4. Nebben's request for a so-called Schwartz hearing investigating the jury's deliberation process is supported by an affidavit alleging that the jury failed to comprehend the court's instructions on negligence. The trial court properly rejected this request since it was not based on alleged jury misconduct, which was the specific justification for the narrow rule we prescribed in the Schwartz case. Schwartz v. Minneapolis Suburban Bus Co., 258 Minn. 325, 104 N.W.2d 301 (1960). Rather, this affidavit attempted to impeach the verdict on the basis of facts inherent in the verdict itself, contrary to fundamental principles regarding the integrity and secrecy of the jury deliberation process:

"* * * [A]fter a jury has been discharged, no affidavit of a juror, and no affidavit of any other person relating to what a juror had said, will be received to impeach the verdict where the facts sought to be shown inhere in the verdict itself, such as the attempt to show that the jurors misapprehended the evidence, or did not understand the charge of the court, or that they misconceived the legal consequences of their factual findings as to negligence * * *." 14A Dunnell, Dig. (3 ed.) § 7109(2).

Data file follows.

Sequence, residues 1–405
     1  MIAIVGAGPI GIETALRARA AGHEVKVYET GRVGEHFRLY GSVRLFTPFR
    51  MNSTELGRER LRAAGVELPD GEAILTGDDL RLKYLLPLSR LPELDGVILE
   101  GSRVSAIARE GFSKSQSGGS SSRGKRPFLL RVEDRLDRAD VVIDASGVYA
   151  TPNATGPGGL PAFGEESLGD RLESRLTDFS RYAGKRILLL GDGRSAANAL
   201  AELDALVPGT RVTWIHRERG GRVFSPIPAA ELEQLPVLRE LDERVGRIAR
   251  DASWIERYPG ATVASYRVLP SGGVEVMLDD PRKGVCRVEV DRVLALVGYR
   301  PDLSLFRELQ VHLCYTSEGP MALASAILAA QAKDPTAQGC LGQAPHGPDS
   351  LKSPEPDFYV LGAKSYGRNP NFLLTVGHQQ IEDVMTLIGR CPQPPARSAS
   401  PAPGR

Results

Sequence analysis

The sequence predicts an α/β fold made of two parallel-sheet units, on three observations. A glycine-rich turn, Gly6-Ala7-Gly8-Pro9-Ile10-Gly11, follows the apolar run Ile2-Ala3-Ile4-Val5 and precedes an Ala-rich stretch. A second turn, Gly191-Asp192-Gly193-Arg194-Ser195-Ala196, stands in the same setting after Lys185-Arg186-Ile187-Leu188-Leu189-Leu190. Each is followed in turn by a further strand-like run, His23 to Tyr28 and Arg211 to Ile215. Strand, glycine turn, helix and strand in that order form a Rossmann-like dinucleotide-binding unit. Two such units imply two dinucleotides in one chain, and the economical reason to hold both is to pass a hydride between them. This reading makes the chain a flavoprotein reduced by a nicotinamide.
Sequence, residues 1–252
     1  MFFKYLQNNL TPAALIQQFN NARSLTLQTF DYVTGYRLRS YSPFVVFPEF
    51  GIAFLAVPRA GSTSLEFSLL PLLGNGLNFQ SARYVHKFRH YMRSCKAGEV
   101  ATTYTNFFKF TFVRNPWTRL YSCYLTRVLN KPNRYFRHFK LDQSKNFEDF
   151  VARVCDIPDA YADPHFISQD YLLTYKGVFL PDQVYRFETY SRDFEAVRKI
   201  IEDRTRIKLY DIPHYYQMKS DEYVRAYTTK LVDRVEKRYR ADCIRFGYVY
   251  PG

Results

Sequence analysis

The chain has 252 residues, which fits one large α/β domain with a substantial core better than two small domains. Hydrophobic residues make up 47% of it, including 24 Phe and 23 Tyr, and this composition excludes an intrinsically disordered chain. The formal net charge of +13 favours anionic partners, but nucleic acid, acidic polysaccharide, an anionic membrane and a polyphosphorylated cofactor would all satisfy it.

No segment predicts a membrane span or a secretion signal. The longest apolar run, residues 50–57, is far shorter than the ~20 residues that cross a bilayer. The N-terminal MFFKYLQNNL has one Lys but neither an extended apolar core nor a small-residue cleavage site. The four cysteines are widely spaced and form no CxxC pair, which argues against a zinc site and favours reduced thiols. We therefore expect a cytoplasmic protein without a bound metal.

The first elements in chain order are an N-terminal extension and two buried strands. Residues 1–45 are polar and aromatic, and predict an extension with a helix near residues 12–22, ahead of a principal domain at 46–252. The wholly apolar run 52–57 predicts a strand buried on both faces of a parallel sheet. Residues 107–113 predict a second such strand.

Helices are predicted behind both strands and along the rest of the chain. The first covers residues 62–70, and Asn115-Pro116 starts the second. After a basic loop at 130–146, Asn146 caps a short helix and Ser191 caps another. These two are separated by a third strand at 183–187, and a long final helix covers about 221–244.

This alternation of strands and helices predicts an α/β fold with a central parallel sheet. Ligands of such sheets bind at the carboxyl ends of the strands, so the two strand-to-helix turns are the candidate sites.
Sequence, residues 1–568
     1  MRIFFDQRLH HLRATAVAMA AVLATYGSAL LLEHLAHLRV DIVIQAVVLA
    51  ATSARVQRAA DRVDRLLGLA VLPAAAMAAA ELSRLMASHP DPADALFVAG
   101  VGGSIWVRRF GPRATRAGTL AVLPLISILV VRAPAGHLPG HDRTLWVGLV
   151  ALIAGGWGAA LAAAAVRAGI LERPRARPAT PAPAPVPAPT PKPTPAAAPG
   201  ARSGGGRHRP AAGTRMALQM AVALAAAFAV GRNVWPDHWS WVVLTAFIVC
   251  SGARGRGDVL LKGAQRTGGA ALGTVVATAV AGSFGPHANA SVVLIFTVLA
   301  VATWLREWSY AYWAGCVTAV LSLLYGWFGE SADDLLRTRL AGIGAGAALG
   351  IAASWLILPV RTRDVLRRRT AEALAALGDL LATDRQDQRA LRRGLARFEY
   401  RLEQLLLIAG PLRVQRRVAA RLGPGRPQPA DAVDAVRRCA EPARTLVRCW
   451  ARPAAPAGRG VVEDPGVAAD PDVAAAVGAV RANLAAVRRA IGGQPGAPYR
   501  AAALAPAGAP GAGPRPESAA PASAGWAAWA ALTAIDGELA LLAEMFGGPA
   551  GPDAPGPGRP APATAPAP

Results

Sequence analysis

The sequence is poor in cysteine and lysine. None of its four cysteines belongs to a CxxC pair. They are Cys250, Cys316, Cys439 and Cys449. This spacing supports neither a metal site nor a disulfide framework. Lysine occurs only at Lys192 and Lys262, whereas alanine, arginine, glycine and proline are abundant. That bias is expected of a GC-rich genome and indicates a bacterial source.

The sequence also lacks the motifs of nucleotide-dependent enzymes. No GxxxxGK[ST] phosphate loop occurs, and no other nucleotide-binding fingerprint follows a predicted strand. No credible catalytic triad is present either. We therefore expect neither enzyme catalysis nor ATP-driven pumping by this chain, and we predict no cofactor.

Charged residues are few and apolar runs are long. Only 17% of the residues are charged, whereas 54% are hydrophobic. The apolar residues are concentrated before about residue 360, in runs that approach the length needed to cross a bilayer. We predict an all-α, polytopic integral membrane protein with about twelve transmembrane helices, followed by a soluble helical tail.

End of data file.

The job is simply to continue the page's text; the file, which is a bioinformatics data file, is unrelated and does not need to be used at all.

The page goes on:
See, also, Gardner v. Germain, 264 Minn. 61, 117 N.W.2d 759 (1962); Bauer v. Kummer, 244 Minn. 488, 70 N.W.2d 273 (1955).

5. Lastly, Nebben contends she is entitled to interest on her share of the money which Kosmalski's insurer paid into court prior to trial. None of the defendants made a commitment to pay interest on this money. Moreover, we agree with the trial *239 court's statement that where money is paid into court the clerk has no authority to deposit such money in an interest-bearing account without an order of the court. Nebben made no application for such an order and cannot now complain that the clerk kept the money in his trust account where it did not generate interest.



[1] This procedure is sometimes referred to as a Pierringer release. See, Pierringer v. Hoger, 21 Wis.2d 182, 124 N.W.2d 106 (1963). The Wisconsin Supreme Court held that where one or more alleged joint tortfeasors has settled with the plaintiff, the issue at trial between the plaintiff and the nonsettling tortfeasor(s) is the percentage of the latter's negligence, which can be determined only by an allocation of all the causal negligence of all the tortfeasors.

[2] "1. Was Harlan Kosmalski negligent in the operation of the motor vehicle * *?"

"2. Was such negligence a direct cause of the damages * * *?"

"3. Was Gladys Bratmoe negligent in the operation of the motor vehicle * * *?"

"4. Was such negligence a direct cause of the damages * * *?"